<package>

<name>foo</name>
<version>&foo-version;</version>
<options>nofail</options>
<prebuild>
<remove>&build_dir;/&foo-directory;</remove>
<remove>&install_dir;/lsb-foo</remove>
<unpack>
<archive>
&packages_dir;/&foo-package;
</archive>
<destination>&build_dir;</destination>
</unpack>
<patch>
<base>&build_dir;/&foo-directory;</base>
<param>-N</param>
<param>-p1</param>
<param>-i &patch_dir;/&foo-patch;</param>
</patch>
<setenv>
<variable>CC</variable>
<value>lsbcc</value>
</setenv>
<configure>
<base>&build_dir;/&foo-directory;</base>
<param>--prefix=/opt/lsb/appbat</param>
</configure>
</prebuild>
<build>
<make>
<base>&build_dir;/&foo-directory;</base>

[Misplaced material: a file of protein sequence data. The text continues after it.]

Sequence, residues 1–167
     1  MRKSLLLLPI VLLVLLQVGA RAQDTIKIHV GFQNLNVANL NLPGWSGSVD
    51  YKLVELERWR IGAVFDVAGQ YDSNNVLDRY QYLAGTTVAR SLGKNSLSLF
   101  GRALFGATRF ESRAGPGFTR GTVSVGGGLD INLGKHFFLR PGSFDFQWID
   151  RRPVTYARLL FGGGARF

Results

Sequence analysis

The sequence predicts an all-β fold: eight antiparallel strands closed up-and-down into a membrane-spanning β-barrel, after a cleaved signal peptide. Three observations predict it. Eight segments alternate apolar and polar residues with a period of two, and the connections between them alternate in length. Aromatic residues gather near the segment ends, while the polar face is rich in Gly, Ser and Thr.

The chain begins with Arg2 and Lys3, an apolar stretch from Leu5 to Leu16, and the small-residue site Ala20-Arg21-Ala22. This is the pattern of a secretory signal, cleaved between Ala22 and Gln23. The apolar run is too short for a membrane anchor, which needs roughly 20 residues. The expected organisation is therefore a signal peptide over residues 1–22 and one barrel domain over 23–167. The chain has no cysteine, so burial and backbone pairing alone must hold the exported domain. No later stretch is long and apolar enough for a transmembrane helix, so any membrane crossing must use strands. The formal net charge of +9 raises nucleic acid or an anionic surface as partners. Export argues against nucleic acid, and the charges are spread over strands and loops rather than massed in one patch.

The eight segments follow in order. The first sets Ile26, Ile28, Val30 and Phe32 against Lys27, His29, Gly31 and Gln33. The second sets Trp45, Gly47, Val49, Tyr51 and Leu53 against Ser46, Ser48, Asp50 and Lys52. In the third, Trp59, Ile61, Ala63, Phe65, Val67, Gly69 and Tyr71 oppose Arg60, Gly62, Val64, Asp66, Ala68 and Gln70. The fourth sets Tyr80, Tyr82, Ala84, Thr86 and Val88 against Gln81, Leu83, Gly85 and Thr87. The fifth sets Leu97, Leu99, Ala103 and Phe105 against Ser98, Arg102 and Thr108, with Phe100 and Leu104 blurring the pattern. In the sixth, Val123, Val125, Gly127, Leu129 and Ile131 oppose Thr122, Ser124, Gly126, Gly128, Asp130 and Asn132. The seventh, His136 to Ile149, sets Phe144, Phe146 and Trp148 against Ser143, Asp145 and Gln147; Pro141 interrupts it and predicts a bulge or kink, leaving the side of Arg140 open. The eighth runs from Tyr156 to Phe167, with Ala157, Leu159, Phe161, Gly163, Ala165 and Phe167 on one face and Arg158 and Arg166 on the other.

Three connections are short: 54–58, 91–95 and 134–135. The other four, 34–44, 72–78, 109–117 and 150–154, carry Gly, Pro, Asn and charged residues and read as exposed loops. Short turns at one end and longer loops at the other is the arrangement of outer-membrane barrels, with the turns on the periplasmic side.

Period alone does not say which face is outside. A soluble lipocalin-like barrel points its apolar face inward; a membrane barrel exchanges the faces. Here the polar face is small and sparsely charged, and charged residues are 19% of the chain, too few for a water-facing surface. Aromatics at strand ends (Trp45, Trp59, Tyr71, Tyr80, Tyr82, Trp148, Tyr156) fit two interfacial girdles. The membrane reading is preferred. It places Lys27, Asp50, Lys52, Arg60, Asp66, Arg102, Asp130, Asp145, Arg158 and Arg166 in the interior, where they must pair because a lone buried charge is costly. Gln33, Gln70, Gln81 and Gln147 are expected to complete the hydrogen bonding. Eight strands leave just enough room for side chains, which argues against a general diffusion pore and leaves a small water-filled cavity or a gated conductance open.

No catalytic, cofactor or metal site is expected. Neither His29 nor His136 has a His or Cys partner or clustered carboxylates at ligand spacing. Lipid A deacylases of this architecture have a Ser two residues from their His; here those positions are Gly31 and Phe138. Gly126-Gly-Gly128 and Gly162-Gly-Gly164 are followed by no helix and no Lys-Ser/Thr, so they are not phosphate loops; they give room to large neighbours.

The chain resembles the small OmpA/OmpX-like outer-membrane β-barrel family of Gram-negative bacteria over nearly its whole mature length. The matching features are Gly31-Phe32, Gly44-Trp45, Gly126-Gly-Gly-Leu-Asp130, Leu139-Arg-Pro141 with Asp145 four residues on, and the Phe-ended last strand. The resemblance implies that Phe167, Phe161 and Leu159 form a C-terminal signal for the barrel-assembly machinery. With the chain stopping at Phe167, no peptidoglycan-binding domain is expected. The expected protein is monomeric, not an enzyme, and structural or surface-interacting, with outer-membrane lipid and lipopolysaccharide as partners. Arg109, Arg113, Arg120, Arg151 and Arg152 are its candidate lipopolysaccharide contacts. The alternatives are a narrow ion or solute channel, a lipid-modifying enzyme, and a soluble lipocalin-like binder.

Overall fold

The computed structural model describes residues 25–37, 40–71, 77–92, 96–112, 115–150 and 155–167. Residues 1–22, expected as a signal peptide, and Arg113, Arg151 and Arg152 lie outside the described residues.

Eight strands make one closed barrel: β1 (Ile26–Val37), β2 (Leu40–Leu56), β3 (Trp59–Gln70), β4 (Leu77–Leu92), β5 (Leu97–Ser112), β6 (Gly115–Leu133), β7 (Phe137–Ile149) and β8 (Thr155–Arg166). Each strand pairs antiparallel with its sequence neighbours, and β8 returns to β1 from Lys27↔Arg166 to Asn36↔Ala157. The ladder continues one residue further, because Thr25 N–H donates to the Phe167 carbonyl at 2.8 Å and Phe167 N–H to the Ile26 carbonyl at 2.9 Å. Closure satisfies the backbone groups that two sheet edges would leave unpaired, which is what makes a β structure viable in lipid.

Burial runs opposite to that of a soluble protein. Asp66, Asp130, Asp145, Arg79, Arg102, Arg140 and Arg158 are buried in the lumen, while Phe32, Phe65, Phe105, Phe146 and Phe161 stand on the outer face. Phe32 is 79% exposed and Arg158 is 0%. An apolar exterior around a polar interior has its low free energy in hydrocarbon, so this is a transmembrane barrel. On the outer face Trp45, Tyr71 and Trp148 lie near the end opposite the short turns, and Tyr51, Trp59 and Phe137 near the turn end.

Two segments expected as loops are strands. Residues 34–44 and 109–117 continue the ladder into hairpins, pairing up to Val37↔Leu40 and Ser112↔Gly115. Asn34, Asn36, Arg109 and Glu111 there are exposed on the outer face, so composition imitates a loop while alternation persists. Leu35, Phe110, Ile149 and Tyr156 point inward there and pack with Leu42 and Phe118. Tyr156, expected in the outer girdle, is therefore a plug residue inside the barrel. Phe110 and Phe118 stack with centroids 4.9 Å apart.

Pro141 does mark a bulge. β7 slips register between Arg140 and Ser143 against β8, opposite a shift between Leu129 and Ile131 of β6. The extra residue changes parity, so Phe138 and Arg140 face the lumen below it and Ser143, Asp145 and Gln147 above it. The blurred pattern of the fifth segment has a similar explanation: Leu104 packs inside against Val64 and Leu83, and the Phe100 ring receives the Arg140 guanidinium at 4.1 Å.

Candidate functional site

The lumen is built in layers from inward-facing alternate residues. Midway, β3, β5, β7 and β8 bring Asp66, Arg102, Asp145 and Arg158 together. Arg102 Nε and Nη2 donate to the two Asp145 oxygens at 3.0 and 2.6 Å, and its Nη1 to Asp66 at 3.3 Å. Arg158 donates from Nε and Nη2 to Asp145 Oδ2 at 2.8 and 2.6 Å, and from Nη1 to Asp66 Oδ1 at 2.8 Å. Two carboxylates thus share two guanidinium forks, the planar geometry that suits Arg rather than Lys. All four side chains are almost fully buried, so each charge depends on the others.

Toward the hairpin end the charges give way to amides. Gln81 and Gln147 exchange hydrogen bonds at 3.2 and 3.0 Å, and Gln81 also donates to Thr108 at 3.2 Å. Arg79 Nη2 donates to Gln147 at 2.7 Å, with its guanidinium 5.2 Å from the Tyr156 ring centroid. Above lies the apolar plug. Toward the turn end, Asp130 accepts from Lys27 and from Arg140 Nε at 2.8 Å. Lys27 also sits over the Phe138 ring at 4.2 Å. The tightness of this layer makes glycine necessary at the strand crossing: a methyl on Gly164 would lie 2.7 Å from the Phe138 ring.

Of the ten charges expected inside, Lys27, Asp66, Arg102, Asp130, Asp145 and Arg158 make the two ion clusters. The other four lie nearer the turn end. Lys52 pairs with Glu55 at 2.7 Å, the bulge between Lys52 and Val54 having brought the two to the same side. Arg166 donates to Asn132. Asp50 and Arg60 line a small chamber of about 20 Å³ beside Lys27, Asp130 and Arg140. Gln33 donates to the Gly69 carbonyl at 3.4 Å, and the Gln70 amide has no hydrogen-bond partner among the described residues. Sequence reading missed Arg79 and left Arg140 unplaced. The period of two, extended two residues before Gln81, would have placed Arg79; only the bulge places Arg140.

</make>
</build>
<postbuild>
<make>
<base>&build_dir;/&foo-directory;</base>
<param>DESTDIR=&install_dir;/lsb-foo</param>
<param>install</param>
</make>
<remove>&build_dir;/&foo-directory;</remove>
</postbuild>

</package>

Note that the `<prebuild>`, `<build>`, `<postbuild>` sections are conceptually very similar to what an RPM build, or in fact most open source types builds do: prepare, including applying patches and configuring; build; install.
Also note the above is slightly simplified, most packages require to be configured slightly differently if there's a need to install into a library directory; the 32-bit platforms and IA64 install to `/usr/lib` and the other 64-bit platforms install to `/usr/lib64`. Existing examples will show how this is done.